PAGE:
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Former Zns Reporter’S Appeal May Be Dismissed

By LAMECH JOHNSON

Tribune Staff Reporter

ljohnson@tribunemedia.net

A FORMER ZNS reporter’s application for a stay of a ruling made by a Supreme Court judge in contempt proceedings against him may be dismissed if he does not appear for the appellate hearing in November.

Sherman Brown was found guilty of contempt by Justice Indra Charles and ordered to pay $15,000 or spend a month in prison for giving false testimony while being cross-examined for his involvement in defamatory websites and articles published against billionaire hedge fund manager Louis Bacon.

Mr Bacon is a resident of the exclusive gated community of Lyford Cay.

An application had been filed to the appellate court seeking a stay of the effect of Justice Charles’ July order and a hearing was scheduled for yesterday.

However, there was no appearance from Mr Brown, Mr Bacon or their respective legal representatives.

The presiding judges, Justices Dame Anita Allen, Jon Isaacs and Roy Jones, said they would have dismissed the appeal but would not do so in view of recent events.

They agreed to adjourn the matter to November 24 but said that if there was a further non-appearance, the appeal would be dismissed.

Justice Charles’ ruling stems from an ongoing feud between Mr Bacon and fashion designer Peter Nygard, who own adjacent mansions at Lyford Cay. Mr Bacon, an environmentalist, claims that Mr Nygard has retaliated against him because he believes it was Mr Bacon who complained about the alleged environmental damage being done by the dredging of the seabed to expand the Nygard Cay property.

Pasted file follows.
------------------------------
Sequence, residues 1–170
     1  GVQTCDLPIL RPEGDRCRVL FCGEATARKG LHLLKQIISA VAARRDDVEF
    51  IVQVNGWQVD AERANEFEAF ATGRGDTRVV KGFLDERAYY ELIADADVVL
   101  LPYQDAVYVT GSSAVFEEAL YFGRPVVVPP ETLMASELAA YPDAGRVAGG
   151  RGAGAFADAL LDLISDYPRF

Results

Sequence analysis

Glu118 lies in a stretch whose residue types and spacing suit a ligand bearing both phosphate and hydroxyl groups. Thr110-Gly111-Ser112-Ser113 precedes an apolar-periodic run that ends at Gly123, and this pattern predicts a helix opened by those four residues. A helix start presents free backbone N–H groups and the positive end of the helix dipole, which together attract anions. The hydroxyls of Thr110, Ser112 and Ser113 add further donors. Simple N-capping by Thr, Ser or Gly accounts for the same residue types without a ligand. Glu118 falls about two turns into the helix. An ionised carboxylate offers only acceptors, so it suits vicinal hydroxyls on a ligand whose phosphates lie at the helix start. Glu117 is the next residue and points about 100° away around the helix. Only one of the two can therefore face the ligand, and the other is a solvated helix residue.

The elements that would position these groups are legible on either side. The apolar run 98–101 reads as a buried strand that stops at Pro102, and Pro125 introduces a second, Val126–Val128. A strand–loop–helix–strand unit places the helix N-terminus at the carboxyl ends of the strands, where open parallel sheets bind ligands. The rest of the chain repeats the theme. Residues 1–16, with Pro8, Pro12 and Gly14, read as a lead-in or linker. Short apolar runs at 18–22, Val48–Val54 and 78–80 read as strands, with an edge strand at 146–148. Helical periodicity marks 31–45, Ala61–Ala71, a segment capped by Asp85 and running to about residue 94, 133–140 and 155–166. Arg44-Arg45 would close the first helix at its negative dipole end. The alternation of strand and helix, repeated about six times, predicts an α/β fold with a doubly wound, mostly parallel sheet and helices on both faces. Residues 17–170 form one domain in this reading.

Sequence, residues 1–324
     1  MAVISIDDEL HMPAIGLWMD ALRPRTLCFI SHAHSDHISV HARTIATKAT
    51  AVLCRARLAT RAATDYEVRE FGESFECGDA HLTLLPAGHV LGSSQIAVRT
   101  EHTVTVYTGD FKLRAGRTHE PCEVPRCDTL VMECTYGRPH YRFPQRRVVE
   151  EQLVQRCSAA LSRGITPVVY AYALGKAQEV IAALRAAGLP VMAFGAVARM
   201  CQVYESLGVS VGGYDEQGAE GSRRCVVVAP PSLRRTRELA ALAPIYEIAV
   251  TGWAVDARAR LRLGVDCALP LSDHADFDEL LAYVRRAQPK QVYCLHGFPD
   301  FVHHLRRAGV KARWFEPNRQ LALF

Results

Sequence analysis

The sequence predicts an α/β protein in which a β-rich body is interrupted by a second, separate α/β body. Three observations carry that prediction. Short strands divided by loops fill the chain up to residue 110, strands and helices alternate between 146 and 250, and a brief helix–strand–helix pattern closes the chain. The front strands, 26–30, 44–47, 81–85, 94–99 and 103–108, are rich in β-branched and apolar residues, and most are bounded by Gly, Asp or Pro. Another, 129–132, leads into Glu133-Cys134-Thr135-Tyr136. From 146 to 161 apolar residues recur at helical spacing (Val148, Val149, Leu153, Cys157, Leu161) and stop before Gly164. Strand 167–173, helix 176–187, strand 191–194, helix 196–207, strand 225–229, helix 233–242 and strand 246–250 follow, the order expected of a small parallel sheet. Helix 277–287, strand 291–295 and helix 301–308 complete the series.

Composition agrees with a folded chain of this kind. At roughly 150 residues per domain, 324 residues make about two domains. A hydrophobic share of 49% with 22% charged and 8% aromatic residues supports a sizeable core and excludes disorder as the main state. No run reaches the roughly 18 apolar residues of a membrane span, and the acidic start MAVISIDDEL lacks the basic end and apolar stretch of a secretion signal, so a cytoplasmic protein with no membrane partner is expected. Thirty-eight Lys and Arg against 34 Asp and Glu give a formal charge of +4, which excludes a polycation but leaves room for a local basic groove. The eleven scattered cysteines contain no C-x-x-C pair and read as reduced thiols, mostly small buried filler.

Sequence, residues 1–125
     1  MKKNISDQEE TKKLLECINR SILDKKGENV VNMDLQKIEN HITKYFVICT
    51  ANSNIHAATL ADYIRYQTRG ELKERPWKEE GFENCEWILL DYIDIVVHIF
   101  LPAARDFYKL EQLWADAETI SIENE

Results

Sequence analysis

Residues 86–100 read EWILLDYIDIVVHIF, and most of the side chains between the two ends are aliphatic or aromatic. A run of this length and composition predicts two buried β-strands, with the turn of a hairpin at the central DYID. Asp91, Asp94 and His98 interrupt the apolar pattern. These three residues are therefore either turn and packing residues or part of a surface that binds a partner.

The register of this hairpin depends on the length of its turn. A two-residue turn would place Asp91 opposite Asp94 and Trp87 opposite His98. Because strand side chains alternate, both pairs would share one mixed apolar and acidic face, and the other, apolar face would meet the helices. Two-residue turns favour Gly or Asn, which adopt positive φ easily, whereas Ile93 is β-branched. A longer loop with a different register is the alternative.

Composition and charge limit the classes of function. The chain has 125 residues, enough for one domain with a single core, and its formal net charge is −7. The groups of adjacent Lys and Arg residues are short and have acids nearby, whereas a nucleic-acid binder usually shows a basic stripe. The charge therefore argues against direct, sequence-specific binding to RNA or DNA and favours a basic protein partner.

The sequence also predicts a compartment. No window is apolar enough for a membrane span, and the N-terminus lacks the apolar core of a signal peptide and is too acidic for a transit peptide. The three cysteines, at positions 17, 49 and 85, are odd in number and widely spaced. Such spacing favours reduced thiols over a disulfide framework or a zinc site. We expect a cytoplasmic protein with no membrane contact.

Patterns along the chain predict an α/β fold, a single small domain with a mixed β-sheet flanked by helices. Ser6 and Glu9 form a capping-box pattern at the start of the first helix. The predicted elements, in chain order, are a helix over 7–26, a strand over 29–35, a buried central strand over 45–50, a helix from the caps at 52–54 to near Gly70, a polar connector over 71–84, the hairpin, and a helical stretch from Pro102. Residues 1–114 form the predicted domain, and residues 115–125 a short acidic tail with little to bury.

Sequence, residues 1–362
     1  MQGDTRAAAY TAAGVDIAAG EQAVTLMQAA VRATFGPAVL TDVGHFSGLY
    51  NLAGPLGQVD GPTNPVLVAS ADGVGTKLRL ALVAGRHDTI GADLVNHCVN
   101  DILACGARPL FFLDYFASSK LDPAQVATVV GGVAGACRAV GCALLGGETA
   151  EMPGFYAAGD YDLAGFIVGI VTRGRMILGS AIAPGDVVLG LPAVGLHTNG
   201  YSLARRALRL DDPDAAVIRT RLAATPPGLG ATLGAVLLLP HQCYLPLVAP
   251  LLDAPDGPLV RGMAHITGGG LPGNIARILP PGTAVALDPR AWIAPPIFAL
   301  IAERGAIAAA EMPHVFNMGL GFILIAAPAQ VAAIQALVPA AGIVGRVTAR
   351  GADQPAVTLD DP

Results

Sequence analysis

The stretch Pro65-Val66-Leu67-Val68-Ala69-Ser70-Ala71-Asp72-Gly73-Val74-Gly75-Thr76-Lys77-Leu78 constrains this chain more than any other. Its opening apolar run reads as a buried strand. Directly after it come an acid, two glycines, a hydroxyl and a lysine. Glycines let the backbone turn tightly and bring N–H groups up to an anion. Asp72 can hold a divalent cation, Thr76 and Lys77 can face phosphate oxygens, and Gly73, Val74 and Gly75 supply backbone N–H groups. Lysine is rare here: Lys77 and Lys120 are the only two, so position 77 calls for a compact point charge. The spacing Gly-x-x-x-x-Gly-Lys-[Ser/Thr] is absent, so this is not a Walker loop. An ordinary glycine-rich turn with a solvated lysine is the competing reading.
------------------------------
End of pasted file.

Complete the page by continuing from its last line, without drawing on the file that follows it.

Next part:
Mr Bacon is suing Mr Nygard for $100m for defamation. He has alleged that the fashion designer organised rallies, marches and protests where he was defamed, created and distributed defamatory T-shirts and signs, published defamatory accusations about him and used websites to defame him.

However, Mr Nygard filed a $50m countersuit in April accusing Mr Bacon of a “vendetta” against him, including harassment and frivolous litigation. Each has denied the other’s allegations.

In August, a New York court ruled that Mr Bacon should pursue his $100m claim in The Bahamas where the defendants resided.

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